Radio 4 drama 'The Archers' branded 'sexist' in new study

The Archers (Credit: BBC)
The Archers (Credit: BBC)

Radio 4's long-running rural drama The Archers has been branded 'sexist' in a new study.

The book Gender, Sex and Gossip In Ambridge reveals the inequality at work in the fictional village in which The Archers is set.

According to stats logged by the book's authors, in just one third of episodes studied between February and June last year, women spoke for 30 seconds or longer on a subject other than men – the parameters of the 'Bechdel-Wallace test'.

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128 episodes in all were studied, and in just 43, women on the series successfully passed the test.

Speaking to the Mail on Sunday, Dr Nicola Headlam, a research fellow at Oxford University and the book's co-author, said: “When we listen to The Archers, this kind of stuff just washes over us.

“Yes there are a lot of women in Ambridge but in some ways they are the property of the farm just as much as the livestock.”

However, the BBC has hit back at the claim.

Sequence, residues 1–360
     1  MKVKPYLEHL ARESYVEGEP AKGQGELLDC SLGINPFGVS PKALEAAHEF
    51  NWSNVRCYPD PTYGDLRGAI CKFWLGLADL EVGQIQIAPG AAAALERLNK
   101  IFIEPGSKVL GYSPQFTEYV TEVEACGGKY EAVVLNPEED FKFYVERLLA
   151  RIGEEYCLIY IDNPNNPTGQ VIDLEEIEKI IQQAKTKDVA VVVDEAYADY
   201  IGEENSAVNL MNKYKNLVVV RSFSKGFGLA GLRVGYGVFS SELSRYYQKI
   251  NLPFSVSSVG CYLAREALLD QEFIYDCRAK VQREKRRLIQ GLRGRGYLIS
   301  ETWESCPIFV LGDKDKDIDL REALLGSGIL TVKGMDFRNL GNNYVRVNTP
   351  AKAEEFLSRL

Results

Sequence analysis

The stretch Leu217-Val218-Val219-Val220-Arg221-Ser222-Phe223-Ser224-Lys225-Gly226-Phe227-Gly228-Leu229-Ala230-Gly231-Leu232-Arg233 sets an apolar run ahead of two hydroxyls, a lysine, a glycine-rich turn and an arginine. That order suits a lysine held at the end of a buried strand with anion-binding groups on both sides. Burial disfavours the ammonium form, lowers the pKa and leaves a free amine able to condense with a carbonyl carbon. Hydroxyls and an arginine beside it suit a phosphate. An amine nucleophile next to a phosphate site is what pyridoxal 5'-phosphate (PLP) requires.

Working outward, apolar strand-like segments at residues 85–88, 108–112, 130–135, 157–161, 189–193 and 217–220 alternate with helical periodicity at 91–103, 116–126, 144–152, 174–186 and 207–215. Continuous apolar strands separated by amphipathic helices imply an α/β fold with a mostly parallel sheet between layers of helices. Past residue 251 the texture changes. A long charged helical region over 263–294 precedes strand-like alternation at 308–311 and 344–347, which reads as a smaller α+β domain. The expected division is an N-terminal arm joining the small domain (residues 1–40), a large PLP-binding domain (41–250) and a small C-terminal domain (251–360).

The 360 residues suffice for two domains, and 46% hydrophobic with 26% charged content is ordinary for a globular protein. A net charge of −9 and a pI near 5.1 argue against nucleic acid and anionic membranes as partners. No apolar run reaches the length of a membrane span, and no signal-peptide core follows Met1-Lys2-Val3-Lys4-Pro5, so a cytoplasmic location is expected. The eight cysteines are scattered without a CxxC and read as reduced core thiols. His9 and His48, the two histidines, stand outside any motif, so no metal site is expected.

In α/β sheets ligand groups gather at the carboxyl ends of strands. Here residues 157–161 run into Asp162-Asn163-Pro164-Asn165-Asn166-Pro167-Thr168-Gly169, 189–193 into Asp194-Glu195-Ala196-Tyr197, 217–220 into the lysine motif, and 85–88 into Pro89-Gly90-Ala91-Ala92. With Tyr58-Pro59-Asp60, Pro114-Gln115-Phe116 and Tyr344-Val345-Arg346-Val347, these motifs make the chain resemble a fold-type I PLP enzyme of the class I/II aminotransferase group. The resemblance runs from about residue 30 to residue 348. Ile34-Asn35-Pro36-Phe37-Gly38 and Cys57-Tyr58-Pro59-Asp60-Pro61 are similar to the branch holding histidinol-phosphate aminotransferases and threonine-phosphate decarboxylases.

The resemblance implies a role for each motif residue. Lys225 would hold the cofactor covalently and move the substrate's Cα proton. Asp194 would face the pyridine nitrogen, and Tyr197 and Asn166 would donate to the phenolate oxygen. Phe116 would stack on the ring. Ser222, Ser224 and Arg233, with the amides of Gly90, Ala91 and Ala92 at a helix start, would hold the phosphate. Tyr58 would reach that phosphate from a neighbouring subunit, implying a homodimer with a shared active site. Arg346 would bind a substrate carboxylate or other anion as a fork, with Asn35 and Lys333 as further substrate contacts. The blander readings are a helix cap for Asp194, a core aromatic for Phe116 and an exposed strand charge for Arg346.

“Unlike the Hollywood films this test was designed for, over 18,000 plus episodes The Archers has charted the whole lives of the men and women of Ambridge, both professional and personal,” it said in a statement.

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“The Archers has a great legacy of strong women. Matriarchs like Peggy Woolley and Jill Archer have always been in charge, and across the generations female characters have positions of responsibility and influence such as publican Jolene, entrepreneur Natasha, and award-winning artisan food producer Helen. In Ambridge cheese making is a serious business.”

Broadcaster and academic Germaine Greer added: “It’s probably true to say that when most women talk to other women they talk about men and their feelings.

“Conversations about family and domestic matters are not necessarily trivial.”